Lebanon among key U.S. targets in Syria sanctions efforts
There have been fears that sanctions imposed on Syria may impact Lebanon, due to the close relationship between the two countries
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Lebanon is one of the principal targets of the U.S. Treasury Department’s latest efforts to apply pressure on the finances of Syrian President Bashar Assad’s government, U.S. and European officials told the Wall Street Journal. The Treasury and its partners in Europe and the Middle East are focusing on more than a dozen Lebanese banks that hold branches in Damascus, according to the newspaper Saturday.
The newspaper reported that when Daniel Glaser, the U.S. Treasury assistant secretary for terrorist financing, visited Beirut earlier this month he gave a stark warning that Lebanese banks risk being blacklisted if they are seen as helping Syrian banks evade sanctions – a more direct message than the one Glaser issued to the media at the time in which he said Lebanon must work to avoid attempts by Syria to use its financial sector as a means to evade sanctions. “We were clear that we’re worried that Beirut could be a main conduit for the Syrians,” the newspaper quoted a U.S. official who was briefed on Glaser’s trip as saying.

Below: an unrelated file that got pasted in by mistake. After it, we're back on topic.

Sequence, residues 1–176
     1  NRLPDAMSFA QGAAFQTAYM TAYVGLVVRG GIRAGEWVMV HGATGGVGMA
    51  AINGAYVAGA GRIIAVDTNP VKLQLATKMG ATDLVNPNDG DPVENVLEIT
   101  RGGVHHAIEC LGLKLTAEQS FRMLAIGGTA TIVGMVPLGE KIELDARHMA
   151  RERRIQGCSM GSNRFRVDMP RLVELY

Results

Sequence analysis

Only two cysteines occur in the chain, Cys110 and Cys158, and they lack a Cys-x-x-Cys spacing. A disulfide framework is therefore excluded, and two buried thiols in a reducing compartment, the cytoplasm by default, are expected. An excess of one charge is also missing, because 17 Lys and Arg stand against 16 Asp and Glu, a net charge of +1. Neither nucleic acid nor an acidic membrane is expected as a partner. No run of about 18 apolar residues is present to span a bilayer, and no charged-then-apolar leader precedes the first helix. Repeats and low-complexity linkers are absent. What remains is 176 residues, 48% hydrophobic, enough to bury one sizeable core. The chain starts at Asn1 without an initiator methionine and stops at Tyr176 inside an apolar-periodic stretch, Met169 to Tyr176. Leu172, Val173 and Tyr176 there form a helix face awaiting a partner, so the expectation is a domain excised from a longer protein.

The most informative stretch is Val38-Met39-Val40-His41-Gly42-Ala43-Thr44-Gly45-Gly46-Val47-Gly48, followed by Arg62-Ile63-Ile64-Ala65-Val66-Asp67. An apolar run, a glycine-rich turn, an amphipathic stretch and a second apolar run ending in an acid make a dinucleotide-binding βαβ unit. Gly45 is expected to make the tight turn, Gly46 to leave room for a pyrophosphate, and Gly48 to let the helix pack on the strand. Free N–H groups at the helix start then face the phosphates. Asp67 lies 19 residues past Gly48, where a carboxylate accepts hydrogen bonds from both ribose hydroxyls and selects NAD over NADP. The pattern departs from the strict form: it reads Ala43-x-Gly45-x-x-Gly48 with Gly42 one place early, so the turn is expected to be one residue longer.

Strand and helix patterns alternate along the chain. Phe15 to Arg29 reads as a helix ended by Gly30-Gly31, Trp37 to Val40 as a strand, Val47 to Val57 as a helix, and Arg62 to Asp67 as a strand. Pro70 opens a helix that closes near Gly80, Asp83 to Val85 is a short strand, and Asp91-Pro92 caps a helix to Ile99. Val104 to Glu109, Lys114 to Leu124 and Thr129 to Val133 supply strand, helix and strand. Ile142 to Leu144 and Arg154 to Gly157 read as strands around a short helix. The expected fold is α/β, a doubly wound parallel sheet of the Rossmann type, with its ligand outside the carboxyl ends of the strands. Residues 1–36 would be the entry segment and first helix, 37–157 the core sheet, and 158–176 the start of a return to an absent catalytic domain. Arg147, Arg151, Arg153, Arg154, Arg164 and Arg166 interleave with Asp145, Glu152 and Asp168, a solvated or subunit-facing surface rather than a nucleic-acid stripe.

Officials also said the action taken against the Lebanese-Canadian bank, which was sanctioned over its links to Hezbollah, served as a warning to Lebanon over any perception of its banking sector’s links to the party, which is listed by the U.S. as a terrorist organization, or to Syria or Iran.
There have been fears that sanctions imposed on Syria may impact Lebanon, due to the close relationship between the two countries, and Glaser is not the first official to warn about such dangers. U.K. Ambassador to Lebanon Tom Fletcher has said he hopes the Lebanese economy could distance itself from the Syrian sanctions.
Lebanese bankers and officials have sought to assure investors and the public that the financial sector is safe. Earlier this month Labor Minister Charbel Nahhas said all banks in Lebanon are subject to banking controls and regulations, while Lebanese bankers and officials have told Reuters there is little evidence that money being moved out of Syria during its eight-month crisis has been transferred into Lebanese banks.
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